Pollution Prevention  3"The Dictionary of Sustainable Management." Presidio School of Management. Retrieved 4/18/08
Any activity to reduce or eliminate any number of pollution types or quantities from personal, corporate, or governmental activities. Also called source reduction, these activities seek to create more efficient procedures or practices that reduce pollution or use it in the manufacturing process of some other activity. Often, practices such as changes in manufacturing or other activities, redefined product, service, or corporate strategy, dematerialization, transmaterialization, or substitution of materials can eliminate less desirable practices (along with the pollution associated with these practices) without adversely effecting productivity or, in some cases, increasing efficiency or effectiveness.

Post-Consumer 1Greenopia.com glossary Retrieved 4/11/08
A term used to describe material that is being reused/recycled after it has been in the consumer's hands (e.g., a newspaper going back to the paper mill to be recycled into new recycled content paper products). Material or product used by the consumer for its original purpose and then discarded.



Potassium Dichromate 1Greenopia.com glossary Retrieved 4/11/08
Toxic chemical used in pain and wound treatments. A known carcinogen, and studies show it can be an immune system and reproductive system hazard. Considered one of the 10 most unsafe substances found in beauty products.

Q

Qi Gong: ("chee-GUNG")  4"Complementary and Alternative Medicine (CAM) Glossary of Terms." Retrieved 4/14/08
A component of traditional Chinese medicine that combines movement, meditation, and regulation of breathing to enhance the flow of qi (an ancient term given to what is believed to be vital energy) in the body, improve blood circulation, and enhance immune function.

R

Recycle  3"The Dictionary of Sustainable Management." Presidio School of Management. Retrieved 4/18/08
Recycling is the process of reclaiming materials from used products or materials from their manufacturing and using them in the manufacturing of new products. It is different from Reuse, where products are not destroyed and remanufactured but cleaned and repaired to be used again, also known as remanufacturing. Another strategy to use resources more efficiently includes reducing the use of materials needed for product and process manufacturing, also known as dematerialization. Many products are now marked with a variety of recycling symbols meant to help consumers and waste managers in separating recycled products and materials. Not all materials and products can be recycled, however. Those designed for disassembly or made from one material are the easiest. Even when used materials and products are recycled, often there is no economically viable market for these materials and they are either disposed of with other waste or stored in warehouses for future uses.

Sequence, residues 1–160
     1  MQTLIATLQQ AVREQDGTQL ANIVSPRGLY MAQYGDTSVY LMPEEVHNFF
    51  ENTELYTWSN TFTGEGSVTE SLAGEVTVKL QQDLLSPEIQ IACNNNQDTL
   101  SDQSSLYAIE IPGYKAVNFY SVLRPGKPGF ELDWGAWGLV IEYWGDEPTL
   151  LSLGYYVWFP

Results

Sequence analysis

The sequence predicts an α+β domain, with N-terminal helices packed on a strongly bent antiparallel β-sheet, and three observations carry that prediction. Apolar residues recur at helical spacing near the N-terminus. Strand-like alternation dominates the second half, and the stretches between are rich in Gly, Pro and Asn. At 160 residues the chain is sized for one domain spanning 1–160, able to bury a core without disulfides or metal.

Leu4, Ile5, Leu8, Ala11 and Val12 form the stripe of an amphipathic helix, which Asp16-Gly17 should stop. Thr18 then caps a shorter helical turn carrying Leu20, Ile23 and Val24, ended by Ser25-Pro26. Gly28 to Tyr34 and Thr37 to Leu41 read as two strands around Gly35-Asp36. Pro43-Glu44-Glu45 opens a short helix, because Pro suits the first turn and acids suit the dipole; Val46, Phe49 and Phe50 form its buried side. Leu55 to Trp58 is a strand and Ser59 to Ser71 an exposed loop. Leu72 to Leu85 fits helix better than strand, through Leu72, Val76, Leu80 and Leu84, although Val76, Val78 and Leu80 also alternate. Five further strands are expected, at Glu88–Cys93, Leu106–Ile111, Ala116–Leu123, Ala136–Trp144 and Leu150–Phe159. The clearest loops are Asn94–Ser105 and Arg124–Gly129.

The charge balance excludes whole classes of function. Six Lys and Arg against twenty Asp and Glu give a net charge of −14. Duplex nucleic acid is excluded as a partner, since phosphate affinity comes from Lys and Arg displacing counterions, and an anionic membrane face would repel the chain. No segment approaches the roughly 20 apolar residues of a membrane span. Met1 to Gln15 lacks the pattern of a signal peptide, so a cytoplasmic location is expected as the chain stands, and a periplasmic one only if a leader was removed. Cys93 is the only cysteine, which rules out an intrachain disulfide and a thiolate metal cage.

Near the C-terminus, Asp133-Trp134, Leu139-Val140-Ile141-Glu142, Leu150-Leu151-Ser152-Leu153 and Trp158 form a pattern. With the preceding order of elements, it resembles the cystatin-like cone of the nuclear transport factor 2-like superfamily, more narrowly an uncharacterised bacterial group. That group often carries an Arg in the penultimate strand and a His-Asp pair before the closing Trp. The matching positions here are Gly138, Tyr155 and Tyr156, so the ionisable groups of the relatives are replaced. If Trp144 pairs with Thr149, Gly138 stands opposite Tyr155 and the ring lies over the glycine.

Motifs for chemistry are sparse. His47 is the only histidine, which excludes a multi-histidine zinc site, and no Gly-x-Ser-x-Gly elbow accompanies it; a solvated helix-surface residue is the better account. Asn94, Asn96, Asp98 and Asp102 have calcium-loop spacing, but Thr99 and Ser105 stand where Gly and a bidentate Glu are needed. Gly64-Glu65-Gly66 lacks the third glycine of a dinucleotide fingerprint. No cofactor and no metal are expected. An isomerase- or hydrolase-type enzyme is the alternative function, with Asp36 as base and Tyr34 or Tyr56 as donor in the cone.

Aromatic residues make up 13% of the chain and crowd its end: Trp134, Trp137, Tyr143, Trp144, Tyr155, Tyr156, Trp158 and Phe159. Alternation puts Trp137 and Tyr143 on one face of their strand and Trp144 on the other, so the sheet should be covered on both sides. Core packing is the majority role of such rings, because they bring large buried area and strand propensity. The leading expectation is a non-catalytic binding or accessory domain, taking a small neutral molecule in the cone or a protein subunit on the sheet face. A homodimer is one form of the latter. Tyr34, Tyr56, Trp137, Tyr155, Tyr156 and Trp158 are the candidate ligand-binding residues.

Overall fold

Recycled Content 1Greenopia.com glossary Retrieved 4/11/08
The amount of pre- and post-consumer recovered material introduced as a feed stock in a material production process, usually expressed as a percentage (e.g., 30% post-consumer content).

Reduce  3"The Dictionary of Sustainable Management." Presidio School of Management. Retrieved 4/18/08
One of the most sustainable strategies is simply to reduce the amount of energy and materials we use and, thus, are required to be manufactured. This reduction has an exponential effect as it further reduces packaging, recycling, transportation, cleaning, disposal, and a host of other costs.

Reiki ("RAY-kee")  4"Complementary and Alternative Medicine (CAM) Glossary of Terms." Retrieved 4/14/08
A Japanese word representing Universal Life Energy. Reiki is based on the belief that when spiritual energy is channeled through a reiki practitioner, the patient's spirit is healed, which in turn heals the physical body.

Remanufacturing  3"The Dictionary of Sustainable Management." Presidio School of Management. Retrieved 4/18/08
The process of cleaning and repairing used products and parts to be used again for replacements.

Renewable  3"The Dictionary of Sustainable Management." Presidio School of Management. Retrieved 4/18/08
Any material or energy that can be replenished in full without loss or degradation in quality.

Reuse  3"The Dictionary of Sustainable Management." Presidio School of Management. Retrieved 4/18/08
Often, the most sustainable option is to reuse materials and objects already manufactured, either for their original or new purposes, rather than recycle them into other products. This decreases further energy and materials use in recreating them into a new form.

Rotational Grazing 2Introduction to Sustainability: Sustainable Dictionary "sustainable table" Retrieved 4/11/08
The practice of moving animals between two paddocks, so that each paddock undergoes a short grazing period followed by a longer rest period. The practice protects pastures from overgrazing and reduces soil erosion.

Runoff 2Introduction to Sustainability: Sustainable Dictionary "sustainable table" Retrieved 4/11/08
Water from precipitation or irrigation that flows over the ground and into bodies of water. It can contribute to soil erosion and carry harmful pollutants.

S

Salmonella 2Introduction to Sustainability: Sustainable Dictionary "sustainable table" Retrieved 4/11/08
A type of bacteria that causes food poisoning and is commonly found in meat and animal waste, particularly poultry.